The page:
Not all lobstermen have agreed with MLA’s actions over the years and that has often landed David squarely in the crosshairs of harsh criticism from fellow lobstermen. In order to avoid increases in the minimum gauge and extremely severe trap limits, MLA led an initiative to increase the size of the escape vent as part of the first ASMFC lobster plan. Many lobstermen were enraged. The MLA lost members and I’m sure there are some reading this today who are still angry about it!
David took a lot of arrows over issues like these for the betterment of the industry. It’s no secret that lobstermen do not like change, but David always understood that change was inevitable. Rather than sit back and react to things, David took the initiative to find solutions that would be most beneficial for lobstermen over the long run. His desire to ensure that his generation was able to hand off a strong and economically viable fishery to the next generation fueled his ability to rise above the criticism. Not many would have survived the level of bad-mouthing and scrutiny that David shouldered for the MLA over the years.
David was also a pioneer in bringing scientists and fishermen together to conduct collaborative research on lobsters. At a time when lobstermen rarely trusted scientists, David’s passion for knowledge and love of the fishery made it natural for him to break down these barriers. He was one of the first to observe lobsters from an underwater submarine with Dr. Bob Steneck from the University of Maine. He also played a critical role in getting the massive Penobscot Bay lobster research project underway in the mid-1990s as well as hosting the Department of Marine Resources’ (DMR) first sea samplers.
David wasn’t all about conserving lobster. He also recognized that lobstermen needed to buy into these measures for them to work and that enforcement needed to be effective for Maine’s conservation efforts to remain intact given the huge scale of the fishery. He advocated for funds to improve Marine Patrol’s surveillance equipment and keep the Bureau fully staffed. He also started in 1994 the MLA’s Annual Marine Patrol Officer of the Year Award to recognize the importance of outstanding enforcement work. In 2001, MLA established its Golden V-notch Award to recognize the efforts of a lobsterman who has gone above and beyond to improve the fishery.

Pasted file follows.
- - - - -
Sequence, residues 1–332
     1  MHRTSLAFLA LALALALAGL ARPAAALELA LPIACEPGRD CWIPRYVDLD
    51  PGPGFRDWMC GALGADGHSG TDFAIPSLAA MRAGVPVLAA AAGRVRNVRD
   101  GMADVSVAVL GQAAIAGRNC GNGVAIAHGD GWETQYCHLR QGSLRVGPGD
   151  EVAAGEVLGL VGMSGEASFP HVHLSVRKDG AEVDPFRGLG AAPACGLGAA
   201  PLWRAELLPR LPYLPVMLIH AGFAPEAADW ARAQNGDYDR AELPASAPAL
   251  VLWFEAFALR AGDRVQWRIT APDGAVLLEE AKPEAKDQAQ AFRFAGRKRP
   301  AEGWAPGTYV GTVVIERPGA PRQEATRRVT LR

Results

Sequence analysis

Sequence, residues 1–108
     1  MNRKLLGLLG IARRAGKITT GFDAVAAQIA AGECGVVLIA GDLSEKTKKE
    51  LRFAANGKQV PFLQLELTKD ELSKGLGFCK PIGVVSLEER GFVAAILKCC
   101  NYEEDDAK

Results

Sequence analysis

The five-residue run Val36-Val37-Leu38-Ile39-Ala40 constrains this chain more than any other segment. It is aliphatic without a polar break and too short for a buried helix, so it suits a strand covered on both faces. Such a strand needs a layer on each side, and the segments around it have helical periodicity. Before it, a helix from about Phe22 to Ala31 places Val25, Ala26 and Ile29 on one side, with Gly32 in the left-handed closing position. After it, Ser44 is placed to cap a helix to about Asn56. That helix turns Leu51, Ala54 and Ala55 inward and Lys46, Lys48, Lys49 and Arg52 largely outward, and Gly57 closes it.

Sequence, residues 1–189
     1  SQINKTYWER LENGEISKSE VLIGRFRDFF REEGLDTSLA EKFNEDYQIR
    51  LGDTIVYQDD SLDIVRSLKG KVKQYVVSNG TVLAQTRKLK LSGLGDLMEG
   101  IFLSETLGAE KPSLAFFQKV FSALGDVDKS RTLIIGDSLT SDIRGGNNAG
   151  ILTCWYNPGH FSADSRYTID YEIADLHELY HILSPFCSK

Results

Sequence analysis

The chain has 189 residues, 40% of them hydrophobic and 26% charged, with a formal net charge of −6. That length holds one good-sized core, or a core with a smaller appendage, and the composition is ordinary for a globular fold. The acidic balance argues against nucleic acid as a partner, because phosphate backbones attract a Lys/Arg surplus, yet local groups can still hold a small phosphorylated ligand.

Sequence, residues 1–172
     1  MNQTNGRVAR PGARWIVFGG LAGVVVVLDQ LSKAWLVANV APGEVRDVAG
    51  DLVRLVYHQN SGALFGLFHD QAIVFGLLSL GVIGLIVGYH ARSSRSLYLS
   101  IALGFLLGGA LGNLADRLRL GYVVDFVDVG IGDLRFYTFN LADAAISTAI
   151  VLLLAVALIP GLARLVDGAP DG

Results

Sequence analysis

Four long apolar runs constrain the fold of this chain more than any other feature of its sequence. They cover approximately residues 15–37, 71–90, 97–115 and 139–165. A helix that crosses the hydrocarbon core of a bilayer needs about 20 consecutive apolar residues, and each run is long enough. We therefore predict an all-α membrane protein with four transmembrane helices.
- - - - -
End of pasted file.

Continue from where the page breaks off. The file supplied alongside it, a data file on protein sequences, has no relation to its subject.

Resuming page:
David’s outgoing personality served him well in networking with lobstermen from near and far. He forged close friendships with lobstermen in Canada and around the region, working to educate them on the conservation benefits of Maine’s V-notch and maximum size measures. These relationships laid the groundwork for the establishment of the Maine Lobster Leadership Institute, launched connections with Irish lobstermen who adopted the V-notch measure, and led to the International Fishermen’s Exchange in 2010. Finding different methods to give lobstermen a voice and thus a seat at the table has always been important to David. He saw the establishment of the state’s lobster zone council system in the late 1990’s as another way to give Maine’s lobstermen a stronger say in how lobsters are managed.
David’s ability to represent the lobster industry with passion and his low tolerance for bureaucratic nonsense helped him create strong working relationships with Maine’s DMR Commissioners, Governors, state legislators and key members of Maine’s Congressional delegation over the years. There is no doubt that if you asked George Mitchell, Bill Cohen, Olympia Snowe, Susan Collins, Angus King, Chellie Pingree or any other of Maine’s prominent political figures over the last 30 years about the Maine lobster industry, the name “David Cousens” would come up.
It has been a privilege to work with David and the MLA Board over the past 18 years. I have certainly learned more about lobster than I ever thought possible. I’ve also learned a lot about people, about what motivates them, what inspires them, what gets under their skin. David has demonstrated what a good leader can do over time. He has put his heart and soul into the MLA and the lobster industry has thrived because of that. And though his legacy is amazing, he has most importantly taught me that life is about choices — and family and health always come first. David, I will miss you!

2012 ME Fishermen’s Forum